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New Monk jazz school students heat up Hub

Reynolds D. Graves
New Monk jazz school students heat up Hub
Alto saxophonist Godwin Louis performs during a set by the six musicians accepted into the 2011 class of the Thelonious Monk Institute of Jazz Performance Ensemble at Café 939 on Wednesday, June 17, 2009. (Photo: Berklee College of Music)

The newest members of the Thelonious Monk Institute of Jazz Performance Ensemble showcased their talents at Café 939 last Wednesday night, serving up a debut that would have made the pianist proud.

The three-horn sextet accepted into the institute’s Class of 2011 features five Berklee College of Music graduates and one recent graduate from the Manhattan School of Music.

After enduring a rigorous application process, Billy Buss (trumpet), Nicholas Falk (drums), Victor Gould (piano), Hogyu Hwang (bass), Godwin Louis (alto saxophone) and Matt Marantz (tenor saxophone) were handpicked by the institute’s admissions panel to study at the Monk Institute at Loyola University in New Orleans.

Students accepted to the institute receive full-tuition scholarships toward a two-year master’s degree, as well as the opportunity to work with Grammy Award-winning trumpeter and composer Terence Blanchard, the institute’s artistic director.

Blanchard, who has served as artistic director for about 10 years, said that one of the institute’s goals is to get students to focus on their strengths as a part of a collaborative whole.

“We look to use techniques that allow students to sit down and develop ideas,” said Blanchard.

Members of the new class have studied under some of the best in the business, including Greg Osby, Jimmy Heath, Billy Preston and Branford Marsalis. With the members performing all over the world, Berklee assistant vice president for public affairs Rob Hayes said it was a tall order to get all six together for a one-night set.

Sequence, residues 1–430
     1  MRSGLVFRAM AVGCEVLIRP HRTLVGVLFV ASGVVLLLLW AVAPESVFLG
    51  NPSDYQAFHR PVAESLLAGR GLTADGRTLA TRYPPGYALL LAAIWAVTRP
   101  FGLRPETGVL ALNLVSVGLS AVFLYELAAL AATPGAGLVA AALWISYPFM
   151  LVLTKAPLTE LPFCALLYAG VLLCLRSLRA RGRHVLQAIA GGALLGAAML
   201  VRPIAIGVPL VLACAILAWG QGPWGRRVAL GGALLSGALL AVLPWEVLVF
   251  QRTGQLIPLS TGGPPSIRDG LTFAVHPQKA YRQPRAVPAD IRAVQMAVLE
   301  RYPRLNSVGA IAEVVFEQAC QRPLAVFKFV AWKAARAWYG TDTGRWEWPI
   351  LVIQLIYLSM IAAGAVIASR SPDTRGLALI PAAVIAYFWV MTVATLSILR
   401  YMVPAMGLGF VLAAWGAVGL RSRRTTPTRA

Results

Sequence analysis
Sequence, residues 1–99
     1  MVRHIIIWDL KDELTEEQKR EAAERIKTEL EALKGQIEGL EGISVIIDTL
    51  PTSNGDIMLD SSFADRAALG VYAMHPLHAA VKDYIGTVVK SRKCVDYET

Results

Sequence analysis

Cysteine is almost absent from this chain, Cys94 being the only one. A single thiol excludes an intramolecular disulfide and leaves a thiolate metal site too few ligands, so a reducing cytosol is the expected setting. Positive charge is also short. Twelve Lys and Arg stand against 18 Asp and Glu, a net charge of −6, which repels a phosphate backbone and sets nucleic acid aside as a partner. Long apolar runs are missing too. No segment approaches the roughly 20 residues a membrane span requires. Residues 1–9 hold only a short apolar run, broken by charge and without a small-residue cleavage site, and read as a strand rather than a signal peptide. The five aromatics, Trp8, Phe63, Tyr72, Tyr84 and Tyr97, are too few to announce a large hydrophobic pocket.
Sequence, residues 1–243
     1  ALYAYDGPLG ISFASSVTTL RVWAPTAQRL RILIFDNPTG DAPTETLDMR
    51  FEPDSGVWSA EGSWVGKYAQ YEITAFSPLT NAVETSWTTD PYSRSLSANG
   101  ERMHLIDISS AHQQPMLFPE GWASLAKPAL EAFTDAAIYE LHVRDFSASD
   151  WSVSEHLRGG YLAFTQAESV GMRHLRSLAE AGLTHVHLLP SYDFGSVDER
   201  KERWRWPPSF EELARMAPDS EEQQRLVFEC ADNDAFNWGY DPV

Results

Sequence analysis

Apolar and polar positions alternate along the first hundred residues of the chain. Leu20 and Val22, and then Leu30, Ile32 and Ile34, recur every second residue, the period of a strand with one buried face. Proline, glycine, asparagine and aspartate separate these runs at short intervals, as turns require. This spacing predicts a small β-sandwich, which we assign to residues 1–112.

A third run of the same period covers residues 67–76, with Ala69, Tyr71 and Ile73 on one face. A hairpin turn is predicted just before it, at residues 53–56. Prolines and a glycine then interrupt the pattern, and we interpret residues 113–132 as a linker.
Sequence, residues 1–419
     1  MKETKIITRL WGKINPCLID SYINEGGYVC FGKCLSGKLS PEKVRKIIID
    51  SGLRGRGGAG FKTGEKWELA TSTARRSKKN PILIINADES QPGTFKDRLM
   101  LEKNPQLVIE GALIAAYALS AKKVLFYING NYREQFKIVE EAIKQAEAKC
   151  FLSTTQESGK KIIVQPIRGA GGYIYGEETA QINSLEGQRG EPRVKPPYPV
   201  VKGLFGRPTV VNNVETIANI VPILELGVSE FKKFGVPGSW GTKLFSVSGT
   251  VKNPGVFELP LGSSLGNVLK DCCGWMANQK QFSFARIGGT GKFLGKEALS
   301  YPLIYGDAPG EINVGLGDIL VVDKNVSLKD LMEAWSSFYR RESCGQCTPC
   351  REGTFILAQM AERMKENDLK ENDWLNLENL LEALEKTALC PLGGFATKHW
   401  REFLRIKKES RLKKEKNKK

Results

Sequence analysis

One of the Monk Institute’s goals is to try to reinvent the stimulating environment that jazz greats like Charlie Parker, Dizzy Gillespie, Miles Davis and others created when they often visited with each other at Monk’s home during the 1940s and 1950s. In those sessions, the jazz legends fed off one another’s ideas and energy, composing some of the greatest pieces in the history of the genre.

A similar spirit of teamwork and collaboration was evident in the ensemble’s first-ever concert, which included a mix of original tunes written by each of the members and selections from the Monk songbook.

Before finishing up the set with a take on the classic “Monk’s Mood,” a number of compositions arranged by the band members received their first live test run in front of the sold-out crowd. Pianist Gould’s contribution filled the café with a smooth three-horn swing accompanied by Marantz’s smooth tenor sax.

Other compositions included Marantz’s “Quiet,” alto saxophonist Louis’ “Brown Steam” and bassist Hwang’s “The Resistance,” each of which featured room for a considerable amount of improvisation.

Hwang, who studied in his native South Korea before attending Berklee, said he is looking forward to writing more, specifically for three-horn arrangements. He’d like to become a professional musician, either as an inside man in a group or a band leader.

“Maybe I will try to teach,” he added.

Hwang and his fellow ensemble members will have the opportunity to do just that. In addition to teaching music to middle- and high-school students in the New Orleans area, institute students have traveled on official State Department tours and performed in India, France, Egypt and Vietnam alongside greats like Herbie Hancock and Wayne Shorter.

“Performance is also a large part of their study,” said Blanchard. While studying in New Orleans, institute students often play at Snug Harbor, a restaurant, bar and club that showcases performers on a cabaret-style stage.

Giving back to the community and positively influencing others interested in music, especially younger students, is a key element of the program, according to Blanchard.

“This is not just your cookie-cutter band,” he said. “They are more than just functional jazz musicians; they will also contribute to the art world.”